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'The Artist': From French risk to Hollywood juggernaut

High on its trio of Golden Globe awards, “The Artist” looks more than ever like an Oscar favourite. takes a closer look at how a black-and-white, silent French film charmed Hollywood into submission.


In 2008, French actress Marion Cotillard basked in the US film industry spotlight, and eventually Oscar glory, for her portrayal of singer Edith Piaf in “La Vie en Rose”.

Four years later, Tinseltown has rekindled its love affair with France.

On Sunday night, director Michel Hazanavicius’s silent black-and-white French movie “The Artist” took home a trio of coveted Golden Globe statuettes: best musical or comedy, best actor for star Jean Dujardin, and best musical score. Now the film coasts into Oscar season on a wave of momentum and good will, and could become the first fully French production to win a Best Picture Academy Award.

The success of "The Artist" in the US is the tale of how a risk-taking French producer and director, a beloved French comedian, a smashingly well-trained Jack Russell, and a Hollywood mogul known for his aggressive awards-season campaigns won over viewers hungry for something different.

It is also an illustration of what it takes for a foreign film to conquer a market-driven, celebrity-obsessed US movie industry that has generally proven hostile to works from abroad.

Taking a risk on a bygone genre

When French producer Thomas Langmann agreed to help Hazanavicius (known in France for the blockbuster “OSS” spy spoofs) finance his project about a silent movie actor whose star fades with the rise of talkies, the two agreed it was a chancy endeavor. Though the story was steeped in American cultural history, was to be shot in Hollywood, and would feature a quirky gallery of American performers (John Goodman, James Crowell, Missi Pyle, and Penelope Ann Miller), “The Artist” was pitched as a silent, black-and-white movie about silent, black-and-white movies. In other words, it would be a hard sell for US audiences accustomed to a steady diet of star power and traditional storytelling.

The turning point for “The Artist” came when it was added to the Cannes competition line-up last May. Journalists who grumbled while queuing to see a film with no colour or dialogue at 8:30 am leapt to their feet two hours later in rapturous applause. Meanwhile, jury president Robert De Niro was said to have been delighted by the film’s loving tribute to a bygone era and its bittersweet story of a washed-up idol, his loyal dog, and an up-and-coming young starlet (played by Berenice Bejo). Dujardin snagged the festival’s best actor prize.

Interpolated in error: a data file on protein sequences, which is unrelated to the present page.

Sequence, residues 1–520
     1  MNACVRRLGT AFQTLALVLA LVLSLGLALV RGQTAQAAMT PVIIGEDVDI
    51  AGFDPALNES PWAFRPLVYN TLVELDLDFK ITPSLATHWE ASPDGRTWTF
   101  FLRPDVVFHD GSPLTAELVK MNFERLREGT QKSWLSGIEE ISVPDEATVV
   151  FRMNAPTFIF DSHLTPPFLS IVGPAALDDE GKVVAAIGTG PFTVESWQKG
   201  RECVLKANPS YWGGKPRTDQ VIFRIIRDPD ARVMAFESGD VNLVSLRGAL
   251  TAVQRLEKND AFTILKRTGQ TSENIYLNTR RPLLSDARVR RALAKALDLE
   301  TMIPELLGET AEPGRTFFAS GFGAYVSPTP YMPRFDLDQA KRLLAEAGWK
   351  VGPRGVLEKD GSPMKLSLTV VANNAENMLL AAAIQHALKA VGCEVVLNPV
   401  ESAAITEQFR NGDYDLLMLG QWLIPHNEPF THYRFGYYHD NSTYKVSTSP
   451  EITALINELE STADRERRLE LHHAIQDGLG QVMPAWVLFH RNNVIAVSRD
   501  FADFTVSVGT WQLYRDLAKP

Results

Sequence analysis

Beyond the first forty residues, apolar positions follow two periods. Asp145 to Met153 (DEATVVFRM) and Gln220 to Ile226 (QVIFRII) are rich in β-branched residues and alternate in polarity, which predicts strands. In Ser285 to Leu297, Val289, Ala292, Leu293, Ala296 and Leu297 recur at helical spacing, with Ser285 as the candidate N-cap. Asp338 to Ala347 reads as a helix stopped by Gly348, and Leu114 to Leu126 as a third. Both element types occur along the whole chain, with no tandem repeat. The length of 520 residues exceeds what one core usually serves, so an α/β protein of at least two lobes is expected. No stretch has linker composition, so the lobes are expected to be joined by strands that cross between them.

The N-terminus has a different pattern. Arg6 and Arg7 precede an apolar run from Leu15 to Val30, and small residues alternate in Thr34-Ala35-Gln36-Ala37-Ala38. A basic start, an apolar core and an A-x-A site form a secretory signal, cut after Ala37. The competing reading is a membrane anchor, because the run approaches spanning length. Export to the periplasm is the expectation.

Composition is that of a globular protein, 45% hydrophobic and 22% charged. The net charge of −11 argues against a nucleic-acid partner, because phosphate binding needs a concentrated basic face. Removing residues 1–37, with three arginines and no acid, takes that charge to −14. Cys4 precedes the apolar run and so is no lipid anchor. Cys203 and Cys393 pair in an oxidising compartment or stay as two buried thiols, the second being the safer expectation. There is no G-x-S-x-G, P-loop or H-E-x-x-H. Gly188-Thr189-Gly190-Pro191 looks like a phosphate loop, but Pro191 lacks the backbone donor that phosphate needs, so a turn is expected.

Hollywood studio chairman Harvey Weinstein quickly snatched up the rights to the film, gambling that its sly French take on nostalgic Americana (complete with old-fashioned song-and-dance numbers and crowd-pleasing slapstick sequences) would dazzle US audiences, critics, and Academy voters tired of giant budgets and technology-driven visual effects.

He was right. “The Artist” premiered in the States to stellar reviews – The New York Times called it “an irresistible reminder of nearly everything that makes the movies great” – and strong box office figures. It then went on to win a fair share of the year-end critics’ awards and more Golden Globe nominations than any other film.

French cinema meets US packaging

Weinstein, famous for rolling out full-throttle campaigns that have driven European-flavoured films like “Shakespeare in Love” and “The King’s Speech” to Oscar gold, has similarly pushed “The Artist” through the pre-Academy Awards gauntlet: He has worked the room at industry events, enlisted former silent star Charlie Chaplin’s granddaughters to host screenings of the film, and sent Dujardin, who speaks halting, accented English, to charm his way through US television interviews with dance steps and zany imitations (Robert De Niro, a camel, and then Robert De Niro mixed with a camel). Even Uggie, the dog from the film, has been scampering down red carpets (and up onto the Golden Globes stage Sunday night), rolling over and holding out a paw to reporters and fans.

An American-themed French film launching a Stateside charm offensive in search of US recognition makes for an odd spectacle in France, whose César awards (the French equivalent of the Oscars) are rarely preceded by such voter-courting. Many have attributed “The Artist”’s serendipitous US run to the fact that its French roots are camouflaged; the film takes place in America and features English intertitles and no French dialogue. French weekly magazine Le Nouvel Observateur recently quipped that the movie will win Oscars, because “Americans don’t know [it] is a French film”. Or perhaps, as The New York Times phrased it, the enthusiastic American response to the movie stems from “Hollywood’s fascination with itself”.

In either case, the film has started to elicit a mild, somewhat inevitable, bit of backlash. Kim Novak, the leading lady from Alfred Hitchcock’s “Vertigo”, publically slammed “The Artist” for “violating” the earlier film by borrowing its famous music. And even some of the movie’s most prominent advocates have started qualifying their enthusiasm. Influential critic Owen Gleiberman of magazine Entertainment Weekly wrote in a re-assessment of his initial review: “In the end, I was more softly touched than moved by it….I think it’s a movie that in its sentimental design, its embrace of love-conquers-all ancient Hollywood conventions, wants to move you. If “The Artist” fails to win Best Picture, it will be, in my opinion, because the final effect of the movie is a bit too genteel.”

Such reactions have led French daily Le Figaro to ponder “if all the buzz around a small French film has started to annoy people” in Hollywood.

Time will tell: Academy Award nominations are to be announced next week.

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